Ottawa move to block China investment ‘short-sighted:’ Lithium Chile

Lithium Chile says policy could potentially affect other foreign investment in Canada

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Ottawa’s decision to block Chinese investment in Calgary-based Lithium Chile Inc. was “short-sighted” and “disappointing,” a top executive from the company said on the same day the miner welcomed investment from a Canadian firm that bought the shares in question.

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Michelle DeCecco, chief operating officer of the junior lithium miner, said she was glad that a new firm had invested a “significant amount of money at a premium to the market price,” but Ottawa’s policy to discourage investment from China could “potentially affect” other foreign investment in Canada as well.

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“I think it’s short-sighted for our government to take a stance on who can invest in our company when our assets are 100-per-cent owned and operated outside of our country,” she said.

“We have a lot to learn from Chinese technology, but we also have a lot to learn about friendship … eliminating these friendships or going back in time can be a critical mistake for Canadians, for our mining companies and investment into our future.”

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In November, Prime Minister Justin Trudeau’s government ordered three Chinese companies — including Chengze Lithium International Ltd., which had purchased a 19.4-per-cent stake in Lithium Chile — to divest their investments in three Canadian junior lithium miners.

The government justified the decision by saying it was important to ensure Canada remained in control of critical minerals such as lithium, nickel and copper, which are used in electric vehicles (EVs) and are currently in high demand as countries look to meet their climate goals.

Analysts said the order was also part of a larger effort by the United States, bigger European economies and Canada to shift supply chains away from China, which dominates the EV industry, and towards friendlier nations.

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Lithium Chile does not own any Canadian assets. It runs its properties through South American subsidiaries in Chile and Argentina and is currently developing them into producing mines.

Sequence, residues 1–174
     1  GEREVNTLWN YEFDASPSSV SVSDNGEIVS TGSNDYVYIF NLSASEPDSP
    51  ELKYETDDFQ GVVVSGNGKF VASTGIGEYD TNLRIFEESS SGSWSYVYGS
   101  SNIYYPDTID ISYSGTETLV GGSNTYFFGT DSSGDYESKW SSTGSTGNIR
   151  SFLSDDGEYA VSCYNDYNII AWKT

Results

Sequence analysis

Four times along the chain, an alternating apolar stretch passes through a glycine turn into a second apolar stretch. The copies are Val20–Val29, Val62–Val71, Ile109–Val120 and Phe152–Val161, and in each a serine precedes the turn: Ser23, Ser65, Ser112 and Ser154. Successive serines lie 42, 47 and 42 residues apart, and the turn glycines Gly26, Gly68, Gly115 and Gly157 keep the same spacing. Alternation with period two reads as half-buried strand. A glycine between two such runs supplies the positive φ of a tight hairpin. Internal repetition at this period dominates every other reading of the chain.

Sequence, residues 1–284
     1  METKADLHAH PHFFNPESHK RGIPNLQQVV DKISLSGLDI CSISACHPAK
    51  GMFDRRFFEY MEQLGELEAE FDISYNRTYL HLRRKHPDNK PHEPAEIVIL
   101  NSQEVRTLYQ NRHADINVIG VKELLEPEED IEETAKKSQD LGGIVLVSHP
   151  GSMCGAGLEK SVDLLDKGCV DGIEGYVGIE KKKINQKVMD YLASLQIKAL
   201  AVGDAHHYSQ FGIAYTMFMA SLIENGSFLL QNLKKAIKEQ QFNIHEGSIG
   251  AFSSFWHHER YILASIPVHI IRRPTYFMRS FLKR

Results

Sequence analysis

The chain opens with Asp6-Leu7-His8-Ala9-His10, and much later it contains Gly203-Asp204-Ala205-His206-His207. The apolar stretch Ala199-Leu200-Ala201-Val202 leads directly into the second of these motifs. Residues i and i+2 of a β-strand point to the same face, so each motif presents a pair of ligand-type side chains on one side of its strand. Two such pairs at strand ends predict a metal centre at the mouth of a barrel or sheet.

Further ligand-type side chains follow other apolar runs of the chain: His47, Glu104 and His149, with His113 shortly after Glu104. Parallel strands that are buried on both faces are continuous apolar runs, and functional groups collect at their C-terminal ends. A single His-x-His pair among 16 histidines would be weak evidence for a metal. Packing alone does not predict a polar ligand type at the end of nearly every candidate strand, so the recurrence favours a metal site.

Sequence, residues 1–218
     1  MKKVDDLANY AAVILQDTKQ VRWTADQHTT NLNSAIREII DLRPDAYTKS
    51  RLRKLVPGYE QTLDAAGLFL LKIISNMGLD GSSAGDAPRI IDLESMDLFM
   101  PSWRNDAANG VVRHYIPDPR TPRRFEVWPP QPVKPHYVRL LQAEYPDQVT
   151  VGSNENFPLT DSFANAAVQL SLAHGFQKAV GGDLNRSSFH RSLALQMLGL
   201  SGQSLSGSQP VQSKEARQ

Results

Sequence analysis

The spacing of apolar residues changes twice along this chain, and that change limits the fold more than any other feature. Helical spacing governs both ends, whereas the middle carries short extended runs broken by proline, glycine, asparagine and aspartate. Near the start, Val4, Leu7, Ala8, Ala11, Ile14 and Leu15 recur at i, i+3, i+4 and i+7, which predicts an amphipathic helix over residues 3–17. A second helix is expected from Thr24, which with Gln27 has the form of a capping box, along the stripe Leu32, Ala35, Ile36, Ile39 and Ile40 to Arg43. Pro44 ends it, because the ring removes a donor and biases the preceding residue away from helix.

DeCecco said Lithium Chile’s partnership with Chengze was more to do with its experience in lithium extraction than gaining financial benefit.

“We do have some of the best leaders in mining in Canada. Having said that, this particular technique of lithium brine extraction is somewhat new, however, the Chinese have focused on it for far more years than us Canadians,” she said. “We have our own masters in the craft of lithium extraction, it was just an additional benefit to have that experience.”

Chengze sold its shares to Gator Capital Ltd., a Toronto-based investment consulting and asset management firm, for about $34.5 million, or 91 cents per share. DeCecco said Gator’s investment was “fair” from a financial standpoint.

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In January, Toronto-based TMX Group Inc., which runs the S&P/TSX composite index and TSX Venture Exchange — collectively home to about half the world’s publicly listed miners — said Ottawa’s decision to order the three Chinese companies to divest their stakes created “concern and uncertainty” among miners listed on the indexes.

Industry Minister François-Philippe Champagne last year said the order was the result of a “multi-step national security review process” taken under section 25.4(1) of the Investment Canada Act (ICA), which gives the government the power to require non-Canadians “to divest themselves of control of” a Canadian business if it believes the investment could be injurious to national security.

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In a bid to further strengthen foreign investment rules, Champagne tabled legislation in December that would give the industry ministry more time and authority to assess foreign transactions that might compromise national security, while also making penalties for violating the ICA more severe.

Trudeau at an event on Dec. 5 said he wants to make sure Canada is “in control” of its critical minerals so that the country’s allies can rely on the nation to supply those raw materials.

DeCecco, however, said the “global community” needs to work together to utilize its “strengths and expertise” to help meet climate goals.

“We are all fighting for the same thing, and in this case, lithium, we are stronger together,” she said.

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